The new Dynamic release of Paganini’s 24 Caprices, Op. 1, featuring violinist Maristella Patuzzi, reflects two characters in particular: that of Paganini the virtuoso showman and surprisingly adept composer, of course, and also that of Robert Schumann – who, influenced by Paganini in important ways early in his own career, produced at the end of that career (and of his life) a set of piano accompaniments for these solo violin works. On the face of it, this was an exercise in futility and, it could be argued, further evidence of the deterioration of Schumann’s mind and creative spirit after he was institutionalized. Certainly these 24 wonderful miniatures (some of them not so miniature!) need no instrumentation beyond that of the violin. But in Schumann’s time, music for unaccompanied violin was thought to be thin and somehow incomplete, at least in some quarters; and besides, by producing pianistic elements to go with the solo-violin ones, Schumann was quite clearly paying tribute to Paganini, not in any way diminishing or minimizing his accomplishments. The Schumann material is of course wholly unnecessary, but it is fascinating: Schumann had so much respect for Paganini’s music, and such understanding of it, that he created piano elements that neatly complement the violin material without ever overwhelming it or preventing it from remaining in the forefront – all this despite the fact that Schumann was himself a pianist. The exceptional interweaving of violin and piano here may owe a little something extra to the fact that Maristella Patuzzi performs with her father, pianist Mario Patuzzi, with whom she has made other recordings: the two have a familial bond that seems to extend to deeply similar understanding of the material and strong mutual respect for each other’s contributions to these readings. Certainly this is an unusual and, in the most literal sense, inauthentic performance of the 24 Caprices. But it is an excellent interpretation of the authentic Schumann elements of a composition that remains wholly Paganini’s while at the same time offering fascinating glimmers of Paganini’s tremendous influence on one of his great contemporary admirers.
Vivaldi’s contemporaries were beginning to have significant influence on his violin compositions by 1729, the year of Vivaldi’s sets of concertos published as Op. 11 and Op. 12. This was the time of Tartini and Locatelli, who – like Vivaldi himself – were top-flight violinists and substantial composers for their chosen instrument. It was also the time in which galant style began to make itself widely known, and Vivaldi proved himself as sensitive to stylistic developments as to the changing technical capabilities of violinists. Most of the concertos in these sets – each containing six works rather than the 12 of earlier groupings – are not particularly well-known, perhaps because they have something of a “transitional” feeling about them, as Vivaldi expanded and modified his style to stay abreast of new harmonic and rhythmic expectations among performers and listeners alike. It is not certain whether Vivaldi himself actually authorized these specific groupings, although his authorship of the concertos themselves is not in dispute. Most of these concertos are somewhat longer than Vivaldi’s earlier ones, and the slow movements, in particular, tend to be spun off at greater length and with greater emotional impact, if scarcely to the extent that those of later composers would possess. The performances on Brilliant Classics by Federico Guglielmo and his ensemble, L’Arte dell’Arco, are as historically informed and consistently outstanding as all the Vivaldi readings by these players seem to be. There are a few oddities in the groupings as heard here, such as the way Guglielmo continues to arrange the concertos rather capriciously (the Op. 11 sequence is 5, 4, 2, 3, 1, 6; for Op. 12, it is 5, 1, 4, 2, 6, 3). But some of the unexpected material traces directly to Vivaldi: one of these works (Op. 11, No. 6) is actually an oboe rather than violin concerto, and one (Op. 12, No. 3) is for strings and continuo without solo violin – Vivaldi’s only known work of this type. There are also some pleasant surprises to be heard here, such as the lovely pizzicato accompaniment in the central movement of Op. 12, No. 6, and the greater depth of feeling throughout the minor-key concertos (three in Op. 11, including the oboe concerto, and two in Op. 12). The stylistic sensitivity and easy virtuosity of playing in these performances are winning, and the chance to experience these mostly less-known but beautifully shaped concertos is one that fans of Baroque music in general, and Vivaldi’s in particular, will very much enjoy.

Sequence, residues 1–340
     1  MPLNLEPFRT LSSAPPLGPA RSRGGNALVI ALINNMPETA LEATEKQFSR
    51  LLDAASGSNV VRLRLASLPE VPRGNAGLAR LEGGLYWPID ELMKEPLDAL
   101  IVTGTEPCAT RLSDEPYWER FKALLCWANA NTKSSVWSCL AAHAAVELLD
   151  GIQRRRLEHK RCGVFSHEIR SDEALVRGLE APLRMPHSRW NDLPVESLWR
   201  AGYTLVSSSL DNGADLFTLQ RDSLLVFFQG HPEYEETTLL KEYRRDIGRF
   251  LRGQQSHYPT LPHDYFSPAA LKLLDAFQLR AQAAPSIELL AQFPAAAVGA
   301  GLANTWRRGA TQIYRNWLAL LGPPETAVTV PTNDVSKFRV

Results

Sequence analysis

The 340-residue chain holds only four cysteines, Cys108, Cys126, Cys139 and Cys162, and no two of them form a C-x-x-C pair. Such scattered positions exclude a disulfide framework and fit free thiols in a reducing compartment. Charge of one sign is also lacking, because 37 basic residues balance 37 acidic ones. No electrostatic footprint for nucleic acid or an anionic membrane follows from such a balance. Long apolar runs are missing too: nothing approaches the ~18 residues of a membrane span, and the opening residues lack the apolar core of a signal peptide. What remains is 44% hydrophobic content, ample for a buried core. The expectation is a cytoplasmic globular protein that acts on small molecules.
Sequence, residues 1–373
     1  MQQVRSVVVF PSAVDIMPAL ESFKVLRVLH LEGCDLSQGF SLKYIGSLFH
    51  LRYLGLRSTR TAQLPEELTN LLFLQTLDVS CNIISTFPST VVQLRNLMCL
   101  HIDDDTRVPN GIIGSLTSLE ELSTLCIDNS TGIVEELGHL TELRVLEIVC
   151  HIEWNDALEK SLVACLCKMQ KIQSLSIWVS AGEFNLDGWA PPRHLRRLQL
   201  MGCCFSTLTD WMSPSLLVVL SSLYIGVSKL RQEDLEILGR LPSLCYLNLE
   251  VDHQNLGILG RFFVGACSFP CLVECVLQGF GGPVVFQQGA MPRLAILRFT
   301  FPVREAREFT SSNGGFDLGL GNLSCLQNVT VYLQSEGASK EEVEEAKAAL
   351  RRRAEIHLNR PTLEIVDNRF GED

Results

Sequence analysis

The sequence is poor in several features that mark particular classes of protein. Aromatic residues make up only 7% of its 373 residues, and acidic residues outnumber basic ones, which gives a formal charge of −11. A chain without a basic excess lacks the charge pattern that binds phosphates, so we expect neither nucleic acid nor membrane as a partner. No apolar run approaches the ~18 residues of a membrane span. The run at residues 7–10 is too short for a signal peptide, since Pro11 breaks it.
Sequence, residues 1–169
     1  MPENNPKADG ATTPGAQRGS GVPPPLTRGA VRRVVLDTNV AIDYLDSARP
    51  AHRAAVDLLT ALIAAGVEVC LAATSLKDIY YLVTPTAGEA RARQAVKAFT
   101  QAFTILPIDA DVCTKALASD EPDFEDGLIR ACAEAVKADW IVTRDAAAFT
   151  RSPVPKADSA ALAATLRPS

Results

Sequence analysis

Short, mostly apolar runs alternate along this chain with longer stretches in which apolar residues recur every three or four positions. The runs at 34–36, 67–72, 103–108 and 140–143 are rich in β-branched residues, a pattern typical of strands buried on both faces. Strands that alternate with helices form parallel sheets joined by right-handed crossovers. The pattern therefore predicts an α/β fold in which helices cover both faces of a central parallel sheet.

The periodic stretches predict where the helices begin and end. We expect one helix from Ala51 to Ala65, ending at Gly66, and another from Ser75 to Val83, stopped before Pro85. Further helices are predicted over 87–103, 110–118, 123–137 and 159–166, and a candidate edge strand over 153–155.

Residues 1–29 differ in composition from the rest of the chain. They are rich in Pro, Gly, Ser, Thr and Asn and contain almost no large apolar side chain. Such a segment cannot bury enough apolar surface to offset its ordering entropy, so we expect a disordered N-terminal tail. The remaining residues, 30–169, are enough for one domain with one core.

There is enjoyment to be had in the fifth Naxos release of Cimarosa overtures as well – and here too the primary aural elements are the strings, although in a few of these works Cimarosa also shows himself able to use winds effectively. Cimarosa wrote more than 80 operas, most of them light in a kind of pre-Rossinian Rossini mode. As with many other composers (Rossini included), Cimarosa would sometimes reuse overtures, and because Cimarosa’s overtures were not typically built around themes from the operas that they opened, this was particularly easy to do. Furthermore, many of his operas were performed under multiple titles, not only in different stagings and different languages but also within Italy itself, as they moved from Naples or other points of origin to other city-states within a not-yet-united country. This explains the multiple titles of some overtures on this CD and the others discs in this series. Cimarosa also wrote overtures in two different styles: single-movement ones of the type now generally thought of as fitting the word “overture,” and two-or-three-movement ones that may be considered “sinfonias.” Since there is nothing that inherently links the overtures heard here to their operas with any specificity, what this disc – like its predecessors – offers is simply a wealth of well-made instrumental music that is very much of its time and is performed with considerable élan by the Czech Chamber Philharmonic Orchestra Pardubice under Patrick Gallois. This is not to say that the overtures are all of a piece: in length alone, they range from the three-movement, more-than-11-minute one to La bella Greca (also known as I matrimoni impensati) to the charming, barely-there, one-and-a-half-minute opening of La felicità inaspettata. And although nine of the 11 works on this CD are opera overtures, two have different provenances: Atene edificata comes from a cantata that Cimarosa wrote at the court of Catherine the Great of Russia, and Componimento drammatico was produced for a cantata celebrating the birth of the firstborn son of France’s ill-fated King Louis XVI. These pieces, in two and three movements respectively, share the characteristics of the opera overtures: they are well-constructed, focused primarily on the orchestra’s string section, and sound like miniature sinfonias with no obvious connection to the circumstances for which they were created. Cimarosa was an adept composer who was very much in and of his time. His overtures are very pleasant to hear but are, in the most part, not especially innovative and thus not, on an individual basis, highly memorable.